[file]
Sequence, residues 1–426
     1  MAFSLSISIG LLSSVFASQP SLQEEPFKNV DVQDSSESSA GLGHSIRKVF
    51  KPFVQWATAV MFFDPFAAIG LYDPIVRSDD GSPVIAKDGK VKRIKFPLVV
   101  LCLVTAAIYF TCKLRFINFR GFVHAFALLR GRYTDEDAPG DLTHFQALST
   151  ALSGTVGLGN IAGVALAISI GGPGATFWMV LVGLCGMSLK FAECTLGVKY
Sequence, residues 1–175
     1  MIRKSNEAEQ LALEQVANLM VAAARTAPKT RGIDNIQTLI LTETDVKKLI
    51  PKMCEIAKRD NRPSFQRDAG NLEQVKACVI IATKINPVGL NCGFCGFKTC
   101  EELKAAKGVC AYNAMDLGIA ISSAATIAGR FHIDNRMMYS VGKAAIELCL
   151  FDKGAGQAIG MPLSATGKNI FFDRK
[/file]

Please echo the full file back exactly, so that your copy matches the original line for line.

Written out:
Sequence, residues 1–426
     1  MAFSLSISIG LLSSVFASQP SLQEEPFKNV DVQDSSESSA GLGHSIRKVF
    51  KPFVQWATAV MFFDPFAAIG LYDPIVRSDD GSPVIAKDGK VKRIKFPLVV
   101  LCLVTAAIYF TCKLRFINFR GFVHAFALLR GRYTDEDAPG DLTHFQALST
   151  ALSGTVGLGN IAGVALAISI GGPGATFWMV LVGLCGMSLK FAECTLGVKY
Sequence, residues 1–175
     1  MIRKSNEAEQ LALEQVANLM VAAARTAPKT RGIDNIQTLI LTETDVKKLI
    51  PKMCEIAKRD NRPSFQRDAG NLEQVKACVI IATKINPVGL NCGFCGFKTC
   101  EELKAAKGVC AYNAMDLGIA ISSAATIAGR FHIDNRMMYS VGKAAIELCL
   151  FDKGAGQAIG MPLSATGKNI FFDRK